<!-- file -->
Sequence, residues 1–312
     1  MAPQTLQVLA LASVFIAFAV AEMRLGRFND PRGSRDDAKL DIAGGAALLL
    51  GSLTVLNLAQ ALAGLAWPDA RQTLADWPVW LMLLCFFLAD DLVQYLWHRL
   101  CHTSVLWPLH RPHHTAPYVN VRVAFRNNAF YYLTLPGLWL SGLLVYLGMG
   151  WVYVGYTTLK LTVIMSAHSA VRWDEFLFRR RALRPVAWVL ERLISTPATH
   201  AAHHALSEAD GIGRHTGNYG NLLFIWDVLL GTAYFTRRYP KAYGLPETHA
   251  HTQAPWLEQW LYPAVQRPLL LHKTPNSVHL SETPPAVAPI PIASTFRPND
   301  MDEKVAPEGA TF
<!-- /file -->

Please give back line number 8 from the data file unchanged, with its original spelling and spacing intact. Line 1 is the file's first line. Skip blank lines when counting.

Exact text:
   301  MDEKVAPEGA TF